Airline profitability depends on airlines' cost competitiveness and their ability to price above costs. And the ability to set prices above cost depends on market power and the firm's ability to make use of innovative pricing techniques and market information. In the past, some carriers have been profitable without being cost competitive because they were able to charge exorbitant prices to consumers. Increased competition in the international air transport markets has put pressures on carriers' ability to raise prices. At the same time, input prices have been increasing continuously. To counter-act such trends, airlines have made tremendous efforts to improve efficiency and productivity in order to cut cost. Using a yearly panel of 22 major airlines over the 1986-95 period, this paper examines airlines' profitability changes by examining changes in productivity and their ability to price above cost. The study found that European and Asian carriers consistently improved productivity throughout the period even during the time of rising profitability, achieving higher productivity growth than North American carriers. However, European and Asian carriers experienced much faster decline in price recovery ability than North American carriers, because their input prices have increased rapidly and airfares have declined under the pressures of increased competition. Overall, airline profitability has improved during the 1990s.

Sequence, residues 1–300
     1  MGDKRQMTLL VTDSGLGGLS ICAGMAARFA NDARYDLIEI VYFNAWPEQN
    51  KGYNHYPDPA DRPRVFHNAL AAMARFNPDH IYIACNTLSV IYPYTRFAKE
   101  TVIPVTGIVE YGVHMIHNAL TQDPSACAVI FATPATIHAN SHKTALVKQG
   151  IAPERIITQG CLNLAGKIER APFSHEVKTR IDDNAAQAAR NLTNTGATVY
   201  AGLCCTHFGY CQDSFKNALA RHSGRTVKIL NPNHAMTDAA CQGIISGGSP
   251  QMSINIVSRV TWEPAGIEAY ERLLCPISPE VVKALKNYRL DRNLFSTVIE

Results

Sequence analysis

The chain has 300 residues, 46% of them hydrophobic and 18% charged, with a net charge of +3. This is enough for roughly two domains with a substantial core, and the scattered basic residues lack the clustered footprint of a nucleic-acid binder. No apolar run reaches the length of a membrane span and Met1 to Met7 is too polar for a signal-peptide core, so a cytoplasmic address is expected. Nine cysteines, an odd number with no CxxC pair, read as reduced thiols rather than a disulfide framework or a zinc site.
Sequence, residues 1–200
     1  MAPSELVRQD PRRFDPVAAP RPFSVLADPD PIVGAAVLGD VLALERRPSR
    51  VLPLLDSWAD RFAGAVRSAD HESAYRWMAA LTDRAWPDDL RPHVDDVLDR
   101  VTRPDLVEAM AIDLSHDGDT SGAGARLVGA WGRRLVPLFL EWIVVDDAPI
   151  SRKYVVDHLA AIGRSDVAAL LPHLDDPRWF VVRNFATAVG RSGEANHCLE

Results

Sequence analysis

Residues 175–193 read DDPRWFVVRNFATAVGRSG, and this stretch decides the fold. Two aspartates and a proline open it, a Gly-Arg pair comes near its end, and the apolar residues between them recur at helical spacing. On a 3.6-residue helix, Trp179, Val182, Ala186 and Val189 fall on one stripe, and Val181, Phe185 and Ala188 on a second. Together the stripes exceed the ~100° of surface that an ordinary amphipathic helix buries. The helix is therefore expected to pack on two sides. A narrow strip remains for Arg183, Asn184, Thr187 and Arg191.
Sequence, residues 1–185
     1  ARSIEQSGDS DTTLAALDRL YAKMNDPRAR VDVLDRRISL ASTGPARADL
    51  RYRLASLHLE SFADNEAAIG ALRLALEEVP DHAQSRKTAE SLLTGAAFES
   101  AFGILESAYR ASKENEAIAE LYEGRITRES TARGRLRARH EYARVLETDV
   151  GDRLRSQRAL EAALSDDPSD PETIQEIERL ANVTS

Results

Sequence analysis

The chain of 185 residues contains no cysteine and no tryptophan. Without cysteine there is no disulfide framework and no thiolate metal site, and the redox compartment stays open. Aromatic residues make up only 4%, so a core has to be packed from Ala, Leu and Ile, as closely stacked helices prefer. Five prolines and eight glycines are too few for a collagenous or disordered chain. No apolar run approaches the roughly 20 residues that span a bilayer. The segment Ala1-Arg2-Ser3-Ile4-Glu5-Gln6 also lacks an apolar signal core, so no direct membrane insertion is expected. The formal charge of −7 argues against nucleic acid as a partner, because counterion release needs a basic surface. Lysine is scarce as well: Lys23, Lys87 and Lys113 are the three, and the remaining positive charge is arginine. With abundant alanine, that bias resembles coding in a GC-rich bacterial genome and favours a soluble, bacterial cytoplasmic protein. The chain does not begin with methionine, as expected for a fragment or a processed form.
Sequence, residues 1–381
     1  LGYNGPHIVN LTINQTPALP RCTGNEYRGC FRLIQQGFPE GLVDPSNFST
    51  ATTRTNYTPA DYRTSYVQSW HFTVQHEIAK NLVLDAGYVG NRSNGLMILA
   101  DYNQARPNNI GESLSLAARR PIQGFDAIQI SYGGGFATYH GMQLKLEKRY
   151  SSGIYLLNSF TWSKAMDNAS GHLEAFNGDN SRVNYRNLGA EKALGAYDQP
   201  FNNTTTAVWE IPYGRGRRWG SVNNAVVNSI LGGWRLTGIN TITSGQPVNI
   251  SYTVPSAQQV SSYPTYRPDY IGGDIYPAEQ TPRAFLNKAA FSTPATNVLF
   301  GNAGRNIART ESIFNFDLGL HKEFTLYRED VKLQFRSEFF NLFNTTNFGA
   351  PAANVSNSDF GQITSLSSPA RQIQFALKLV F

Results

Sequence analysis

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  • Accession Number: 00798285
  • Record Type: Publication
  • Files: TRIS
  • Created Date: Sep 19 2000 12:00AM